Discussion in 'The Trash Can' started by smarts1, Jul 26, 2012.
Oh... Nevermind then...
Great technique always leads to good scores/GOEs so I'd look at those numbers when determining this criteria.
Czisny never looks comfortable with her 2a entrance; Her upper body is too square stepping into the jump.
But didn't Midori do often flutzing&lipping unlike Harding who had clean 3Lz&3F?
Relevant question. Otherwise, we won't be comparing apples with apples. This will imply that if one has natural athletic abilities plus best technics is likely to be formidable jumpers?
very similar to Triple Butz, took some of her comments too
1)Kostner (many have seen her great lutz in practice and warm up last year, and we are talking about teknik and not who brings it in competition ...)
6)Kwan (iffy lutz)
7)Suzuki (iffy lutz)
8)Asada (flutz, weak salchow)
9)Nagasu (iffy lutz, salchow MIA)
10)Wagner (flutz, sometimes toe-axels)
11)Meier (lip, no loop)
12)Meissner (lip, toe-axel)
13)Hughes (Loop went MIA, heavy landings)
14)Korpi (sometimes they are better than other times, her jump arch is very odd)
Not so good
15)Nakano (often under-rotate, iffy flip AND lutz, wrap distracts me a lot, loop went MIA)
16)Czisny (she looks scared going into the jump and I get scared with her)
Thanks, but I'm a him...at least during the weekdays
In the past skaters, Josée Chouinard had a perfect technique on every jumps (minus the triple axel); OK, she was far from perfect in a lot of performances, but her technique was excellent!
Ok - but what is wrong with "looking" scared, or having slow rotation? If she gets it done, why does it matter? I'm going to have to go and watch some videos, but in her good year (2011) I remember her technique as pretty flawless. As far as her body position in the air, on successful attempts, I would compare it to Yu-na (seriously).
But that is exactly the difference between good and bad technique. She does not produce good quality jumps, (partly) because of her technique.
For Czisny, everything has to be perfect for her to land an average jump. Even on a good day, her jumps never get enough height and border on UR BECAUSE of her slow rotations. A skater with good technique achieves sufficient height with a tight air position for quick rotation even if she isn't built like a Cohen or a Kirk.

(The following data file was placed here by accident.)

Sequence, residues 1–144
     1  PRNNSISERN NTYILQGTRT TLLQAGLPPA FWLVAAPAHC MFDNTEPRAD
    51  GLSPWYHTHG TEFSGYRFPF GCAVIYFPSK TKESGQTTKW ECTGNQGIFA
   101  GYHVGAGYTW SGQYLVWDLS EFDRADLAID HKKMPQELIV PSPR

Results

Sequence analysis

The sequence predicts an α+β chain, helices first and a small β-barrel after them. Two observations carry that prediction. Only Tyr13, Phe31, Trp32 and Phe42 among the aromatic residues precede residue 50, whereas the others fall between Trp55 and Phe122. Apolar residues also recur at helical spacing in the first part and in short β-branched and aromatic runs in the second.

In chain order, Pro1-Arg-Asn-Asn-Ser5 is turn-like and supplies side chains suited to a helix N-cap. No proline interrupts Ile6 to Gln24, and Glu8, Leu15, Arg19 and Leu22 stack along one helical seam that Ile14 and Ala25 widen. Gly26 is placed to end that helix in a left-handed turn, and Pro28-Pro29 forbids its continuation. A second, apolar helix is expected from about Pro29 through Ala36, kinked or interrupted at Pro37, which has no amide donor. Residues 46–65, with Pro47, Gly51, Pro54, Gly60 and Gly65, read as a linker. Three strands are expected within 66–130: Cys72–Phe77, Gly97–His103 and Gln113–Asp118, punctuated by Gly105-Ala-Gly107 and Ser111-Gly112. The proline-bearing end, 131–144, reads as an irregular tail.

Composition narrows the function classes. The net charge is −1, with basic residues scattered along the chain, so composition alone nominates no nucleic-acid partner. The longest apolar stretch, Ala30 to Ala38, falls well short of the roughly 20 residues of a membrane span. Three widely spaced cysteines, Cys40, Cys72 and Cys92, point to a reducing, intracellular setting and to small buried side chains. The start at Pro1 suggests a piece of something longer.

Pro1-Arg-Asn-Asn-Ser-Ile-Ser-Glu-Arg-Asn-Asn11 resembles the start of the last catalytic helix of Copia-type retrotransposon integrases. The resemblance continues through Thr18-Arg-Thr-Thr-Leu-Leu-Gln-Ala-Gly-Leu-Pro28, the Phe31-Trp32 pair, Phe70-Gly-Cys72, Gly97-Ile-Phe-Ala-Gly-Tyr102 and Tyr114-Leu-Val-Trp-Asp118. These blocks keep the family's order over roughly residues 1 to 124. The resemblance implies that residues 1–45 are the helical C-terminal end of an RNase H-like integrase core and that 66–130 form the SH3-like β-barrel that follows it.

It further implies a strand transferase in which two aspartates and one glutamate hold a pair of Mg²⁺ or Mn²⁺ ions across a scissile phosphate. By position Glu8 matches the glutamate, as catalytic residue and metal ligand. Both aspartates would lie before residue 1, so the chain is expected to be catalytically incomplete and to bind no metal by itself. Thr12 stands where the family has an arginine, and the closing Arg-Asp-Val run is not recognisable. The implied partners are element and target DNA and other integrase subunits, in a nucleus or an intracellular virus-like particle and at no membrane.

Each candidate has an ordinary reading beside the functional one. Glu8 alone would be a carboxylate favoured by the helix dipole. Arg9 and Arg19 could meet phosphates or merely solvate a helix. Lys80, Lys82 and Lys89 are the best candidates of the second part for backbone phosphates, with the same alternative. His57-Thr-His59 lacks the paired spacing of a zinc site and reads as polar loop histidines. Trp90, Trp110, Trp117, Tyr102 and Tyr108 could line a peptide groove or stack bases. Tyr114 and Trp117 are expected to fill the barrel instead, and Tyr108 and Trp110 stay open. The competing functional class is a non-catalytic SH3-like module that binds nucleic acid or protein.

And whenever she isn't focused enough, her body tenses up, her setup goes all wrong, she doesn't stay anywhere near vertical in the air and there's no chance at landing cleanly. A skater with good jumping technique will be more capable of saving jumps even if things are slightly off.
And her technique was never flawless. Her axel technique is never correct like orbitz said.
I have to wonder how much of this is due to her torn labrum. I guess we will find out, but more likely far in the future once she has had time to recover, not at NHK.
To me, good jumping technique isn't just about how many types of triples one can do. Obviously it's good if someone can consistently display great technique on a variety of jumps. But sometimes skaters are inconsistent on certain jumps NOT because of technique issues. It could be natural body built / injury (Kwan's loop), it could be a strategic move (Kim's loop), it could be fitness (Chen's jumps in 1998) it could be a mess up in timing because of training in pairs (Yamaguchi's salchow) or training the quad (Asada's salchow), etc.
To me, I look for 5 things to see if someone has good jumping technique - I know it's mostly related to quality. But good technique gives good quality.
1. setup - is there excessive telegraphing or insufficient speed indicating lack of confidence or control (Lavrenchuk, Kostner's lutz, Rippon's axel);